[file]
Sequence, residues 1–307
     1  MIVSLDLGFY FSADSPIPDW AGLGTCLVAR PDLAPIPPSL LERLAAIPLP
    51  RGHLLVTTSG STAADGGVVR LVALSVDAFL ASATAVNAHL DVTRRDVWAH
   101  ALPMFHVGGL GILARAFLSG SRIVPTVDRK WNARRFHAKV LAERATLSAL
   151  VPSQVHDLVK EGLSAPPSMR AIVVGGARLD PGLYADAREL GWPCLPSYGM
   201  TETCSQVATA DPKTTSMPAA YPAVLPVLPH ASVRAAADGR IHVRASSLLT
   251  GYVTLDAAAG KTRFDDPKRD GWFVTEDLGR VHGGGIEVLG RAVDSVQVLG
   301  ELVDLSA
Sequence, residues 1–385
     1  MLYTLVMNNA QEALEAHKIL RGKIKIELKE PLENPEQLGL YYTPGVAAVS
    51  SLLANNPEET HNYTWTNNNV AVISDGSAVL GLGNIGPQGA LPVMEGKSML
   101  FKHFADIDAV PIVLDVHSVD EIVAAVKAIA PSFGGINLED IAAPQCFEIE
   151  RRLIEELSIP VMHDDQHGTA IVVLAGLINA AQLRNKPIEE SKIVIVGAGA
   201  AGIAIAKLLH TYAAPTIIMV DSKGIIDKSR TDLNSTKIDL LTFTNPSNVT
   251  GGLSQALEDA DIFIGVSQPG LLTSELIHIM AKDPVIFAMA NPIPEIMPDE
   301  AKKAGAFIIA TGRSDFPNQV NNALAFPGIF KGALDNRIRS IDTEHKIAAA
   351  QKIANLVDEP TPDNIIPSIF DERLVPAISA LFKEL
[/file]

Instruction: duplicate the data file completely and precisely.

Sequence, residues 1–307
     1  MIVSLDLGFY FSADSPIPDW AGLGTCLVAR PDLAPIPPSL LERLAAIPLP
    51  RGHLLVTTSG STAADGGVVR LVALSVDAFL ASATAVNAHL DVTRRDVWAH
   101  ALPMFHVGGL GILARAFLSG SRIVPTVDRK WNARRFHAKV LAERATLSAL
   151  VPSQVHDLVK EGLSAPPSMR AIVVGGARLD PGLYADAREL GWPCLPSYGM
   201  TETCSQVATA DPKTTSMPAA YPAVLPVLPH ASVRAAADGR IHVRASSLLT
   251  GYVTLDAAAG KTRFDDPKRD GWFVTEDLGR VHGGGIEVLG RAVDSVQVLG
   301  ELVDLSA
Sequence, residues 1–385
     1  MLYTLVMNNA QEALEAHKIL RGKIKIELKE PLENPEQLGL YYTPGVAAVS
    51  SLLANNPEET HNYTWTNNNV AVISDGSAVL GLGNIGPQGA LPVMEGKSML
   101  FKHFADIDAV PIVLDVHSVD EIVAAVKAIA PSFGGINLED IAAPQCFEIE
   151  RRLIEELSIP VMHDDQHGTA IVVLAGLINA AQLRNKPIEE SKIVIVGAGA
   201  AGIAIAKLLH TYAAPTIIMV DSKGIIDKSR TDLNSTKIDL LTFTNPSNVT
   251  GGLSQALEDA DIFIGVSQPG LLTSELIHIM AKDPVIFAMA NPIPEIMPDE
   301  AKKAGAFIIA TGRSDFPNQV NNALAFPGIF KGALDNRIRS IDTEHKIAAA
   351  QKIANLVDEP TPDNIIPSIF DERLVPAISA LFKEL